Wow do you realize that the difference is 30,000 vehicles produced?! Not sold but produced! GM could easily pull out a few stops and bump Impala production 30k and be tied but instead they are limiting the sales to keep residuals high and quality up. That may seem like a bad thing but I think that is a good thing. It shows more commitment to the long term.
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Wow do you realize that the difference is 30,000 vehicles produced?! Not sold but produced! GM could easily pull out a few stops and bump Impala production 30k and be tied but instead they are limiting the sales to keep residuals high and quality up. That may seem like a bad thing but I think that is a good thing. It shows more commitment to the long term.

you've got to remember last quarter toyota did everything they could to pull people out of 06's and what not to put them into an 07... they are, as we would say at the dealership, burning customers...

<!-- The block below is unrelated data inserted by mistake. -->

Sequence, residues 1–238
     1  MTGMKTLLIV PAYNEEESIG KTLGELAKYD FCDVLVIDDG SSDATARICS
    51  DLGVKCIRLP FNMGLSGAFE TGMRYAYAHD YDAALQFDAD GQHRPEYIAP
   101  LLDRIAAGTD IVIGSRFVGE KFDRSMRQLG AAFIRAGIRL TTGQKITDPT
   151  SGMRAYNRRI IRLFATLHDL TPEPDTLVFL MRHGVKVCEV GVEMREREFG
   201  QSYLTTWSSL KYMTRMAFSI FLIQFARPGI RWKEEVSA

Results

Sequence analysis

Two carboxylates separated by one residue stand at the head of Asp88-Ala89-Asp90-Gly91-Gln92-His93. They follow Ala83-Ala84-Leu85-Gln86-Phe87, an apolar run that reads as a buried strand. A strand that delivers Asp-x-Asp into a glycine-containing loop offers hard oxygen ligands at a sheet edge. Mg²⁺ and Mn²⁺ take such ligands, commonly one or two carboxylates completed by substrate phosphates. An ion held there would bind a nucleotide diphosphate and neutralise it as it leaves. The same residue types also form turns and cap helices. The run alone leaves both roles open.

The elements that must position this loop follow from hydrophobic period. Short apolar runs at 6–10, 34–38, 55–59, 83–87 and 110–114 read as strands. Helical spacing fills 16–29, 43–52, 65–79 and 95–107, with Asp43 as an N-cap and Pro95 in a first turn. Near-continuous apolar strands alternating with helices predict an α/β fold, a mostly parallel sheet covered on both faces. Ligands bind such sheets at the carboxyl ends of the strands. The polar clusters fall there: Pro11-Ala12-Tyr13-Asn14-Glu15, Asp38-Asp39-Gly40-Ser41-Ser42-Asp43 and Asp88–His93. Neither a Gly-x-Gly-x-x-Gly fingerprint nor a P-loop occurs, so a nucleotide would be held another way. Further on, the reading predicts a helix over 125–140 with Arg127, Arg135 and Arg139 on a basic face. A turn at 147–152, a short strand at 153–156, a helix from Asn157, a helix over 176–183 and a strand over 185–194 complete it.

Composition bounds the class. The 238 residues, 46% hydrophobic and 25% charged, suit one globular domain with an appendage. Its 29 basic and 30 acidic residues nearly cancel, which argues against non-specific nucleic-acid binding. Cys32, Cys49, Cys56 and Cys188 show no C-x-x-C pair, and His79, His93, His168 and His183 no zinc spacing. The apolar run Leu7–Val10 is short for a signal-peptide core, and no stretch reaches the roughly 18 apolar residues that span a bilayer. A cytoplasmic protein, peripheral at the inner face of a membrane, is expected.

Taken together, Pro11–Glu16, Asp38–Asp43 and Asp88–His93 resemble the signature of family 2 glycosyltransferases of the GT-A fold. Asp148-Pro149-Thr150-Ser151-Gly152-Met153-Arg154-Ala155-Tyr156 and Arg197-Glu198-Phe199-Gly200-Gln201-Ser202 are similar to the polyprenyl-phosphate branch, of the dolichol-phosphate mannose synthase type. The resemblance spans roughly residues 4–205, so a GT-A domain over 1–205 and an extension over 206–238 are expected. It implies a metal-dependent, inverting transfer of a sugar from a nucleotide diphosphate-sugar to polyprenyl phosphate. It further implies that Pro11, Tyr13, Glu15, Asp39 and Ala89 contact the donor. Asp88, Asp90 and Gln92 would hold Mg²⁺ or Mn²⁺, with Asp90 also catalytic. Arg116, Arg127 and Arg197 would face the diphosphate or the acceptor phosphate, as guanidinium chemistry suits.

if you just got your car a year ago or so... and toyota says... hey the leasing program allows you to pull out now!

i'd look at them like wtf... why do you want me to get out of this vehicle so fast...

i dont beleive toyota can maintain the top spot...

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"Pitched battle" describes the situation perfectly, and I expect it to remain such for the forseeable future. Neither combatant will have a firm hold on the number 1 spot for years to come.

The "analists" don't get it.

Also, let's not forget a few aspects of this battle. GM is on a major rise everywhere else in the world, and new competitors are nipping at Toyota's heels causing them to fight on two fronts.

There won't be a conclusive winner here for quite some time.

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Don't forget that the failure of Ford, Chrysler, or VW, could shift the market in a huge way.

GM is easily the strongest domestic and stands to gain hugely if one of the others goes down.